“From my experience of being a Black woman in the work that I do, it’s because, a lot of times, Black women ... we never feel comfortable in these spaces,” Branch said. 

A chemical engineer who has worked on NASA projects and earned a Master of Business Administration degree, Branch believes adults should help younger people realize that there is a place for them in those spaces.  

“Representation is key for us. We believe you have to see it to believe it, and show them Black women who look like them who [are] in these industries and leaders in these industries doing this work,” Branch said. 

While some companies are devoting more attention to issues around diversity, equity and inclusion, Branch said both employers and employees stand to gain from further efforts. In her experience, even issues like hairstyles, nail lengths and wardrobe can create feelings of alienation in workplaces.  

“It’s not easy to get an engineering degree at all,” Branch said. “To be able to get an engineering degree, to be able to accomplish a lot of goals in your life and work hard to get somewhere, but you’re still having this constant fight throughout your entire career because you look different, right? This industry can be very challenging.” 

Out of the comfort zone 

When Heusser graduates this May, she will join an industry that has been slow to diversify. According to the U.S. Bureau of Labor Statistics (BLS), in 2021, women made up 31.9 percent of the plastic parts manufacturing industry; only 10.7 percent of the people in the industry were Black. Only about 7.3 percent of workers at those companies fell in Heusser’s age bracket — from 16 to 24 years old.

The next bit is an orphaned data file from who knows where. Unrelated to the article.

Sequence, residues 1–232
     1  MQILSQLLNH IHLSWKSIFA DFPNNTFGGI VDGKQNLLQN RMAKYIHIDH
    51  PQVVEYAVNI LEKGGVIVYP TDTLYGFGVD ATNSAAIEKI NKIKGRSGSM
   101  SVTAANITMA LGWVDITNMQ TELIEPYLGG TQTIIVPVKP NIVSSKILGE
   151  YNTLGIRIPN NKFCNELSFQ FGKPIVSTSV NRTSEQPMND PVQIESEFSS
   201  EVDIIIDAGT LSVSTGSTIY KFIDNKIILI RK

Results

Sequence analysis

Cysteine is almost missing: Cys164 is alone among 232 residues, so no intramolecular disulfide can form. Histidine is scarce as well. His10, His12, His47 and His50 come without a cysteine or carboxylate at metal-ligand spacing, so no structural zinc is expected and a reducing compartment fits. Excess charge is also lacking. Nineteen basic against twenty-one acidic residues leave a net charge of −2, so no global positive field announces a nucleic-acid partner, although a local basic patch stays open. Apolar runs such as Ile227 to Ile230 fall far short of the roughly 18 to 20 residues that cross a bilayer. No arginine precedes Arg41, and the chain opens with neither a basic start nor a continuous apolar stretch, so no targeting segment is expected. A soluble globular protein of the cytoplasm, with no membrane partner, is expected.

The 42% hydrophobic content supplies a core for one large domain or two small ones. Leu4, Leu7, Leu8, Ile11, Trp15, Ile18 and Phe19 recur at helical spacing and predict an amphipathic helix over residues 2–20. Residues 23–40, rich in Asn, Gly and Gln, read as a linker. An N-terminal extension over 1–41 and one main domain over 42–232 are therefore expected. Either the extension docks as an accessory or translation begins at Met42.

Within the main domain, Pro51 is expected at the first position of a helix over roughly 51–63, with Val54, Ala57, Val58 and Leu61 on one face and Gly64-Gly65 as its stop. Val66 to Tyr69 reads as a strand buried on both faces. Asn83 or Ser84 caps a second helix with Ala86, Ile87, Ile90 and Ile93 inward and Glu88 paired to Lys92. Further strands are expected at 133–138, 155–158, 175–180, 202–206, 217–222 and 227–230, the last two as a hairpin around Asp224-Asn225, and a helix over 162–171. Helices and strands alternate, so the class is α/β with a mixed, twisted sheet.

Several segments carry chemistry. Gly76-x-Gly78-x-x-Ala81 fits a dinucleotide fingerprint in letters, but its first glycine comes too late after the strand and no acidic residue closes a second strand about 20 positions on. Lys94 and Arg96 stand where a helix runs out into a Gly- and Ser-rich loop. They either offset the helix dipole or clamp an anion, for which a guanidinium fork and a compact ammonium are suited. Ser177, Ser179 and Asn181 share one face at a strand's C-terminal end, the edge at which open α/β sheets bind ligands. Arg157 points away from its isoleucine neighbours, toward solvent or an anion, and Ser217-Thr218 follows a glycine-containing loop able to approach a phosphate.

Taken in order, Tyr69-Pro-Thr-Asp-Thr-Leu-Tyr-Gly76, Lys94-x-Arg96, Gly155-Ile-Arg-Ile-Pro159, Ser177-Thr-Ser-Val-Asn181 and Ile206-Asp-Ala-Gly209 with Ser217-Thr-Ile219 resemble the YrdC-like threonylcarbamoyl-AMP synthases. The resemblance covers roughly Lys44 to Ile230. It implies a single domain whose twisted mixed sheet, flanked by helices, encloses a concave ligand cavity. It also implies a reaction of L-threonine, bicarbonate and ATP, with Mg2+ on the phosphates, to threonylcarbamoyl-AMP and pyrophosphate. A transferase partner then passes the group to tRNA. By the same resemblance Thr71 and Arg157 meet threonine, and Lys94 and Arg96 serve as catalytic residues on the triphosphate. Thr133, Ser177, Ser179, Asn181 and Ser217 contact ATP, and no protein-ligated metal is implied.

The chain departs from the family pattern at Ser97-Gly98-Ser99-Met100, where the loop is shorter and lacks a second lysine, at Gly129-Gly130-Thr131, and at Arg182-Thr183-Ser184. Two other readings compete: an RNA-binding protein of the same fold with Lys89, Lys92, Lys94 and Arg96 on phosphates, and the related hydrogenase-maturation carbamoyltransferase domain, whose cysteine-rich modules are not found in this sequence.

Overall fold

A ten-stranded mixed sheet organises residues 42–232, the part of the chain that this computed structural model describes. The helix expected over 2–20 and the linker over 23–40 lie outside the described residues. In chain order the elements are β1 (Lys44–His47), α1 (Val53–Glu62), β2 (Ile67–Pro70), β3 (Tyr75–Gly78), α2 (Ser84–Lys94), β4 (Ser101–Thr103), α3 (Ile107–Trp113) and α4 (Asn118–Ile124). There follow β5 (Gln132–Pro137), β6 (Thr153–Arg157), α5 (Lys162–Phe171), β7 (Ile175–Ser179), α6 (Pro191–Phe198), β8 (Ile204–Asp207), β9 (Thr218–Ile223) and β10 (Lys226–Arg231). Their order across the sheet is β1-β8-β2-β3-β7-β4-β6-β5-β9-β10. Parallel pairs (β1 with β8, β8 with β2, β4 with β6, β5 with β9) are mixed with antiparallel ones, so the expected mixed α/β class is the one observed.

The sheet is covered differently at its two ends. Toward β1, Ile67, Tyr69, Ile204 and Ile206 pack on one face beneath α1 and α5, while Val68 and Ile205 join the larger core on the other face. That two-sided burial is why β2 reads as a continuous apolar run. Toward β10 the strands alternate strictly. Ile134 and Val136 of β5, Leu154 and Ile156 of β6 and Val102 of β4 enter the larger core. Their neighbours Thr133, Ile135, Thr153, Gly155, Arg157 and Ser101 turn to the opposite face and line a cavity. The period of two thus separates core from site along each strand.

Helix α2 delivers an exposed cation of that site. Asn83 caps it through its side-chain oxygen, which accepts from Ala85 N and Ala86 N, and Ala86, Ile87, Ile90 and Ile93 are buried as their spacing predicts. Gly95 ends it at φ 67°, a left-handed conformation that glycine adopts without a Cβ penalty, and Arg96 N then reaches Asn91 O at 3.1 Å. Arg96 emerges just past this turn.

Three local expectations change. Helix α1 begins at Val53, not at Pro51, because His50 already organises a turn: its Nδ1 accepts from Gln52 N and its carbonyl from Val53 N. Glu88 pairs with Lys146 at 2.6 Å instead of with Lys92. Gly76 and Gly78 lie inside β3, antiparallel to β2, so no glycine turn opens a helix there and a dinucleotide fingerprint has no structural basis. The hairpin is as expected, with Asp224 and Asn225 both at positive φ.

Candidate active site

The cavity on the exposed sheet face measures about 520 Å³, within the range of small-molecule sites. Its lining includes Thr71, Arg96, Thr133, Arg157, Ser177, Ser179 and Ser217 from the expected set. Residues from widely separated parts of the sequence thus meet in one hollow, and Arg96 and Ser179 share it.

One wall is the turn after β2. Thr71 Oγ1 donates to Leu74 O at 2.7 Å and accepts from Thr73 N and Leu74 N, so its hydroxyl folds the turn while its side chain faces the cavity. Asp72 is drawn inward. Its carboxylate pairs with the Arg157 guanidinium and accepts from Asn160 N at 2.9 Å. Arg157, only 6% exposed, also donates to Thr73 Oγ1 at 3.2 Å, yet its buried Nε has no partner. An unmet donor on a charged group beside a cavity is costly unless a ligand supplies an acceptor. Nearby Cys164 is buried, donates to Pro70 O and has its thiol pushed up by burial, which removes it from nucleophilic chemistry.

Among STEM degree holders, Black women account for an even smaller segment — just 2.9 percent of the overall pool, according to a report by Thomas, a marketing and advertising platform for the manufacturing industry. According to a 2021 Pew Research Center Report, “Black students earned 7 percent of STEM bachelor’s degrees as of 2018, the most recent year available, below their share of all bachelor’s degrees (10 percent) or their share of the adult population (12 percent).” 

Overall, BLS statistics show that women make up 47 percent of the workforce, and Black people make up 12.3 percent of the workforce.  

In Auburn, N.Y., where Currier is located, Heusser also will be part of a small minority; according to the 2020 U.S. Census, the town is home to fewer than 27,000 people — about 9.4 percent of them Black.